Friday, 28 November 2008
That’s the only word to describe the devastatingly simple end of Vaughan Williams’s Riders to the Sea, as Synge’s archetypal matron of loss Maurya finally takes on board the deaths of her six sons by naming them – ‘no man at all can be living for ever, and we must be satisfied’ – and the hungry, unquiet sea roars against her last, becalmed major chords of acceptance: nature versus man in a final unanswered question.
Planned as the culmination of one intense hour in English National Opera's most unorthodox offering of the year, this took on the aspect of a perfect, calm memorial to Richard Hickox, who was due to conduct it (Edward Gardner did so, with tact and sensitivity). How Patricia Bardon, pictured above by Clive Barda with Leigh Melrose as the drowned Bartley and Kate Valentine as Cathleen, got through those lines without any break in the assured legato I don’t know, but this was a quietly authoritative performance from our finest contralto. Here she is again, very much centre stage.
What I hadn’t bargained for – I guess I should have read the papers, but I’m glad I hadn’t – was Fiona Shaw’s inspired prefacing of Riders with Sibelius’s Kalevala creation myth Luonnotar.
Suspended aloft in a long boat, as if viewed from above, the equally glorious Susan Gritton gave a no less searing interpretation as the air-spirit ocean-bound for seven centuries before her accidental act of creation. Her ideal lyric soprano now reaches out to a surprising richness, the taxing high laments pouring over us without the slightest hint of strain (there’s even a little in Soile Isokoski’s much-touted, BBC Music Magazine award-winning recording).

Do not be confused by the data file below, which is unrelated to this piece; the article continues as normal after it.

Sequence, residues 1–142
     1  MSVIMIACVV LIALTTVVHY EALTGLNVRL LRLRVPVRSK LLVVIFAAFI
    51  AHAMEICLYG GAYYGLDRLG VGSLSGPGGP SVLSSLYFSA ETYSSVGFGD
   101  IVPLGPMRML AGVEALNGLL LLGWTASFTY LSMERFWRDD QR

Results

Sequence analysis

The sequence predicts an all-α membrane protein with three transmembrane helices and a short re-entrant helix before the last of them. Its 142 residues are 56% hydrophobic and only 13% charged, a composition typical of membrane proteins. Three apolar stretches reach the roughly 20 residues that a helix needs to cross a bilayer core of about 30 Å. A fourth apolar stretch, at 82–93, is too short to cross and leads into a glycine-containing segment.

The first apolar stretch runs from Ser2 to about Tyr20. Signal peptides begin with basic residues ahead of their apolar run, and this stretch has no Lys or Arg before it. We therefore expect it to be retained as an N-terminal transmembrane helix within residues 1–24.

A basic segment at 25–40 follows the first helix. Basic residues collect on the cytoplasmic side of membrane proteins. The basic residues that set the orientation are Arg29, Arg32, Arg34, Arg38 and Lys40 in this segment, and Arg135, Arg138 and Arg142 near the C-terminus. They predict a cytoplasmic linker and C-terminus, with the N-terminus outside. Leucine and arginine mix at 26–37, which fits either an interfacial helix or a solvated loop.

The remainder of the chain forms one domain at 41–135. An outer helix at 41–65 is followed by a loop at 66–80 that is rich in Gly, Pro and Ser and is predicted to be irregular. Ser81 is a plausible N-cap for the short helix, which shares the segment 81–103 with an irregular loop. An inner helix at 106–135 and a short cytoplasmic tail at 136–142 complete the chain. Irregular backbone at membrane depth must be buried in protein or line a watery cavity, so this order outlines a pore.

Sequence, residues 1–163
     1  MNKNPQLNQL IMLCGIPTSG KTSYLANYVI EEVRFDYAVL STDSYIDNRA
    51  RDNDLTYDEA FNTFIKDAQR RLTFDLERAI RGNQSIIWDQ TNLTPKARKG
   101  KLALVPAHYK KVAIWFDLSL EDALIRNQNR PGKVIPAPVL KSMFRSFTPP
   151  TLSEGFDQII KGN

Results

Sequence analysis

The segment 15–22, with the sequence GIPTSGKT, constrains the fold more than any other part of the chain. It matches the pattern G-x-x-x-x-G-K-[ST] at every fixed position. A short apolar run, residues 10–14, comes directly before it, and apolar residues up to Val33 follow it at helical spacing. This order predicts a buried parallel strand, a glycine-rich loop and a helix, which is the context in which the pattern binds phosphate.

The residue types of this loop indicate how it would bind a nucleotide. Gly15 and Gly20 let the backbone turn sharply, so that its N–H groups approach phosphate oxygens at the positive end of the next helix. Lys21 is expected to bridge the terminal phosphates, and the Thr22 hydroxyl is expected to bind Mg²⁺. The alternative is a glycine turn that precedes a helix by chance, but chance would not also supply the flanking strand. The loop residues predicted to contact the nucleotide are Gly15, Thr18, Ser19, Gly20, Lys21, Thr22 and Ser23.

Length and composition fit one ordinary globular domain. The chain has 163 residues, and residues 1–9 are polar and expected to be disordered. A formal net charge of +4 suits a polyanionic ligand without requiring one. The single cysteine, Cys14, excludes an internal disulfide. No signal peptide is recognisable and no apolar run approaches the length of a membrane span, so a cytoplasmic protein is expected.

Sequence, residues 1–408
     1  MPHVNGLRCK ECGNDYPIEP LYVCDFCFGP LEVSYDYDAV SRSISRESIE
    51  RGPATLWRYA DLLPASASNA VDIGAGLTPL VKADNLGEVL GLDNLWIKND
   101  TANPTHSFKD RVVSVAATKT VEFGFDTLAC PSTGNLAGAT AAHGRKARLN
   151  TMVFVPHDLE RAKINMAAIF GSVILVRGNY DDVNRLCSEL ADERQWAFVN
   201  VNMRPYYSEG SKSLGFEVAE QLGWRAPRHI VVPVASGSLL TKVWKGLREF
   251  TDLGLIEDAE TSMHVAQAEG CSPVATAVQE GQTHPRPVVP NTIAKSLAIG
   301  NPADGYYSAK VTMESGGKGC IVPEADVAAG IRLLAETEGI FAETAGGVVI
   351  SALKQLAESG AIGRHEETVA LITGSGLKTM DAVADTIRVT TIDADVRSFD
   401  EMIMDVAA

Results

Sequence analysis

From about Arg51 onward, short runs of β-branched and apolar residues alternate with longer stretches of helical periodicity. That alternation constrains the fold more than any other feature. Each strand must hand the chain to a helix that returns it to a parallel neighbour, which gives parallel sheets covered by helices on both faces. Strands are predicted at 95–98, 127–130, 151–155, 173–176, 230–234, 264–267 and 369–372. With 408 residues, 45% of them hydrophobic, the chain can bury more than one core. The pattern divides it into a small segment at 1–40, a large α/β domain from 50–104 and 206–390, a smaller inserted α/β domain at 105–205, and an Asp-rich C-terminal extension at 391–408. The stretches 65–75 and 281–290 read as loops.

Birth, death, rebirth in aqueousness formed the cord between the two pieces, with minimal mood-music from John Woolrich, recorded snatches of Aran island song and the ongoing surge of Dorothy Cross’s superb video work. Sibelius's eight minutes of eternity are, for me, only mirrored in mastery by the end of VW's very internal opera, and the temperatures plummeted for much of it: the interest is in the mostly slate-grey orchestra, not – at least until the end – in the ungainly setting of Synge’s realistic dialogue. But you couldn’t fault Maurya’s daughters as sung by Kate Valentine and Claire Booth, and if Shaw’s staging asked for more febrile movement than the score implies, the bright rectangle of action flanked by cliffs and turbulent sea-pictures kept its focus. And it was totally satisfying to return full circle to the elemental rocking of Sibelius’s nature-mother, reappearing among the rocks in her pregnant state (though perhaps she should have walked calmly down centre stage, like the Lady from the Sea) while upside-down coffin-boats descended from the sky during Vaughan Williams’s epiphany.
PS - Just had an e-exchange with Ed Seckerson; we echo each other, though I guess he's happier with the whole of the VW as a work than I am. You can see Ed’s five-star Independent review here (for once they've pulled the stops out to get something in the paper double-quick; after all, there are only two performances left). As he added in our quick correspondence, 'where else in the world would you see an evening like this? We are lucky.' We are indeed.